Conflict in the workplace can make everyone’s life miserable, so it’s worth some effort to resolve the issues at the heart of the problem. An in-house mediation meeting may be the most time and cost-effective way to get everyone refocused on the job at hand and some tips and mediation techniques can go a long way.
Recently, Catherine Gillespie wrote for Workplace Conflict Resolution on how to conduct successful workplace mediations.
It’s a common error to rush the mediation meeting, which limits discussion and encourages quick or early agreements. You might be pleased that some outcomes have been achieved and an uncomfortable meeting didn’t go for too long, but the parties won’t be fully satisfied. The issues will again surface in the not too distant future.
Ms Gillespie recommends these mediation techniques that will lead to success:
1. Set expectations
Have the mediator start with a short introduction. Thank the parties for being prepared to mediate. Remind them of any time limits on the meeting, the expected behaviours within the meeting and any confidentiality restrictions placed on them.
2. Opening statements
Allow each person, one at a time, to give a brief opening statement, perhaps 1-2 minutes only. Each person can state what they are hoping to achieve. This is not an opportunity to express grievances, lay blame or go into detail about any specific incidents. The time for that will come.
3. Set the agenda
From the opening statements an agenda of items for discussion can be listed. Ensure that every area of concern for each party is listed. The agenda should be set in neutral language — that is, not judgemental or inferring blame to either party.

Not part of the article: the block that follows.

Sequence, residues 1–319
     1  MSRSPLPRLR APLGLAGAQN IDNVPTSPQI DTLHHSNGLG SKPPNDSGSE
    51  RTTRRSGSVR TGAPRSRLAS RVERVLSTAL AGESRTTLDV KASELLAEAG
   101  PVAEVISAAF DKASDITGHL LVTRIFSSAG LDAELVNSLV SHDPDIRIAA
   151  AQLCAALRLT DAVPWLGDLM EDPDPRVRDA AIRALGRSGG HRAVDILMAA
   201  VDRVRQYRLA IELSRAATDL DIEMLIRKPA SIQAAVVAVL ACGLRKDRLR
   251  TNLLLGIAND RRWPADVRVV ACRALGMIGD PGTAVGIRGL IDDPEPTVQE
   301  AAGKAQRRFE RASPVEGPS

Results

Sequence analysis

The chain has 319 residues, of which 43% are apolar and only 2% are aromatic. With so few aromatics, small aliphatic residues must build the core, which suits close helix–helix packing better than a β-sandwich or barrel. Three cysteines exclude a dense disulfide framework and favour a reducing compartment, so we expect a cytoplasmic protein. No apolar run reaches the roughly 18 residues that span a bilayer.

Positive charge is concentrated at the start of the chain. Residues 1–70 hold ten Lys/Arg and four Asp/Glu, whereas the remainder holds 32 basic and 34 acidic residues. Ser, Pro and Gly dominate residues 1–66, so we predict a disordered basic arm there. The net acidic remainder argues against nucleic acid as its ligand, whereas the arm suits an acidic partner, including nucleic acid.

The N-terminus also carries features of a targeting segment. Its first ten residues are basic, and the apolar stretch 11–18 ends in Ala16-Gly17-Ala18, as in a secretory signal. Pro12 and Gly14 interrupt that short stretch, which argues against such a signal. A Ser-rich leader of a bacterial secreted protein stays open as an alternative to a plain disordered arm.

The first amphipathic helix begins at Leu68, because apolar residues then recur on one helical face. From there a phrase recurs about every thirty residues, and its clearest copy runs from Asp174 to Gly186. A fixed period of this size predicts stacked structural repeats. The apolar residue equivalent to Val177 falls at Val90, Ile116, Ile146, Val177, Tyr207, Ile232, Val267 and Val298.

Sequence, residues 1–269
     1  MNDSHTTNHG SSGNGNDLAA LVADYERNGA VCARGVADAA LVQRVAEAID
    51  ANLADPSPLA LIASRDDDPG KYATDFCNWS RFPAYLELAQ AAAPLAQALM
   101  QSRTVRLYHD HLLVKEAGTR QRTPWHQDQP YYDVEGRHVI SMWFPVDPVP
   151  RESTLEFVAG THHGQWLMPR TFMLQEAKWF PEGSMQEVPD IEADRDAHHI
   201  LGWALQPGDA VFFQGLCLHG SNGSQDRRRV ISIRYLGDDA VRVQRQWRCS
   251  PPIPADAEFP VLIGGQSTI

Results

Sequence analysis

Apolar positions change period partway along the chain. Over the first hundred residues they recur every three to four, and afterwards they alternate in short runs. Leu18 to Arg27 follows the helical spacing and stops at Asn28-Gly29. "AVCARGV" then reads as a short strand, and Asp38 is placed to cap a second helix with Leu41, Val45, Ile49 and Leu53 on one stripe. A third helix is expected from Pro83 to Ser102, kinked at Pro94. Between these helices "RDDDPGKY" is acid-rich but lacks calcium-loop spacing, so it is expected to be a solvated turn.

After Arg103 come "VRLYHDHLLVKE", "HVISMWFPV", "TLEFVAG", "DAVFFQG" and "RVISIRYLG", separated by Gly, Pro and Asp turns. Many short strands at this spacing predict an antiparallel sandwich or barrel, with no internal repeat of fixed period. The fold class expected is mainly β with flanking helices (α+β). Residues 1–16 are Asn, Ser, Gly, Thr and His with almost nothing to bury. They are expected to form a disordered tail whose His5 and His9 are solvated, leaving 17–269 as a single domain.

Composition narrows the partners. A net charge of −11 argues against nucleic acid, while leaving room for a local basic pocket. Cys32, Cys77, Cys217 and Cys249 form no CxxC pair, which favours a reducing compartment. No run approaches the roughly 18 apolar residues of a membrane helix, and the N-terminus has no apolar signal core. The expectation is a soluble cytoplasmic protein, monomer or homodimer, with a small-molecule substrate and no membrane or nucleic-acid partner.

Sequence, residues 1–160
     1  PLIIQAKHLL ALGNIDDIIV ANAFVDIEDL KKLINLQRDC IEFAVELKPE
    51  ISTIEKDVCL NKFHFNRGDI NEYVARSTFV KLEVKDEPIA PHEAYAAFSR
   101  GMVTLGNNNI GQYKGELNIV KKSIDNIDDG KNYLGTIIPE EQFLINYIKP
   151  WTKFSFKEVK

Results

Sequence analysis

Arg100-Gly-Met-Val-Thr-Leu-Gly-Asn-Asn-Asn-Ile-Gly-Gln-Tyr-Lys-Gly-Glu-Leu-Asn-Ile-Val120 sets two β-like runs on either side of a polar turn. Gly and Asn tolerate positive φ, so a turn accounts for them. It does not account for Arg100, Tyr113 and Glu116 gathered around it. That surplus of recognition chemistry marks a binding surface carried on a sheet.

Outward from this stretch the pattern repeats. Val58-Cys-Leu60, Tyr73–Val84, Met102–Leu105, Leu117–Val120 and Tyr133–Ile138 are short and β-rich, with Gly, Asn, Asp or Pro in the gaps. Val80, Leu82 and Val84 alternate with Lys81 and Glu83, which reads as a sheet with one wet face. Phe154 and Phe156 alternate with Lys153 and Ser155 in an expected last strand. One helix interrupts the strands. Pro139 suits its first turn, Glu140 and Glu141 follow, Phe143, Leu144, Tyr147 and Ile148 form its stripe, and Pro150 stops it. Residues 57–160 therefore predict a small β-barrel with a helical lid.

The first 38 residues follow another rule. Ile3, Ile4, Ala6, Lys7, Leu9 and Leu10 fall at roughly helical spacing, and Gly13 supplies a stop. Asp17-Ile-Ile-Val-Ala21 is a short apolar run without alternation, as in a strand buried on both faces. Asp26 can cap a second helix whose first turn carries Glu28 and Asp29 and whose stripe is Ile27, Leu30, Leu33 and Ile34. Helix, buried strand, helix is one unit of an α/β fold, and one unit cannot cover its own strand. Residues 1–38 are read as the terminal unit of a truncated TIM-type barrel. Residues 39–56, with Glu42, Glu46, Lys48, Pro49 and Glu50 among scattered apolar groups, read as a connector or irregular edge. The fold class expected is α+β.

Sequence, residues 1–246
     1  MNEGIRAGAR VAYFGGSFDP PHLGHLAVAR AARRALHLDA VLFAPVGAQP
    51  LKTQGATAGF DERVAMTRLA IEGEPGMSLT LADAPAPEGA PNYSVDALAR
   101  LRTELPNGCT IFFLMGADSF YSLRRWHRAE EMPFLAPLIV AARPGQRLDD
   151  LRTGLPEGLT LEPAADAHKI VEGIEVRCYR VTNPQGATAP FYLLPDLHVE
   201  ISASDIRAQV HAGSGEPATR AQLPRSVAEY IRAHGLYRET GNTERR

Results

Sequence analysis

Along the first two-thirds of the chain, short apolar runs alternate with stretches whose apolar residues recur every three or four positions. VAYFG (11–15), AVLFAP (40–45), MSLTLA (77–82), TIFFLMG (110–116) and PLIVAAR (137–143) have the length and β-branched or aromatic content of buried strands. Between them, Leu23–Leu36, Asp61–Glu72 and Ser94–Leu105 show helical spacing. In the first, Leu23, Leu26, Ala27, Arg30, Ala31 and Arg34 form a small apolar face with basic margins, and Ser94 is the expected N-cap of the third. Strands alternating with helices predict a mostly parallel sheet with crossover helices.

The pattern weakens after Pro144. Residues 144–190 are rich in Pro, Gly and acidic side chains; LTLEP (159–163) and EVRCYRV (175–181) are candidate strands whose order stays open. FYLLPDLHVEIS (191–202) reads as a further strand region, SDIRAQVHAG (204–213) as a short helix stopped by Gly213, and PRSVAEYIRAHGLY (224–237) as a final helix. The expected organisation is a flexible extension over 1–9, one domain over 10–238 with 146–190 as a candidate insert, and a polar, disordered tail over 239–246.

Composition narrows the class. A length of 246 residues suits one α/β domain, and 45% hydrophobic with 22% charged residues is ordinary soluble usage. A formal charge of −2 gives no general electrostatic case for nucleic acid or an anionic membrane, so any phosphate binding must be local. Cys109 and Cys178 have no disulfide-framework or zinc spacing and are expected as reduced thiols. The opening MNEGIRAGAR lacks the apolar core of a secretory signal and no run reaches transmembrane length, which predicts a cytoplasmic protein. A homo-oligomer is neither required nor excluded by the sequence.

4. Work through the agenda
Calmly work through each issue on the agenda, discussing the concerns of each person around that agenda item. Try not to get caught up in parties disagreeing about interpretation of facts. At some stage the mediator may have to intervene to move the discussion to cover real areas of concern.
5. Break out privately
A private session can be helpful at this stage to provide a break in a process that can be physically and mentally tiring. Always make sure there are light refreshments available. Meet with each party one at a time (and their support person if they have one) to discuss how they are feeling and how things are going, any concerns they might have and any options they may be starting to formulate for resolution. The mediator should never put forward their own ideas for resolution but should coach each person to search for answers by themselves.
6. Rejoin and set agreements
Bringing the parties back together again, start to generate options for solutions (but only if all the items on the agenda have been discussed). Each of the parties can put forward their options for resolution. These options should be discussed, debated and tweaked until both parties can agree and are satisfied as to how each issue should be resolved. The mediator should record any agreements made between the parties.
7. Break out for review
A second set of private sessions allows the mediator to review with each party separately, the agreements from the previous step. Further coaching may be needed if some items are still in dispute.
8. Finalise and document agreement
When each agenda item has been discussed and agreement reached on how to move forward, bring the parties back together again to review, finalise and capture in writing an agreement that each party is happy to sign.
If the parties cannot agree on all agenda items, or if one or both parties appear obstinate, an external experienced workplace mediator may be required.
So at your next mediation meeting, apply some of these mediation techniques and you’ll (almost) guarantee a win-win mediation for both parties.
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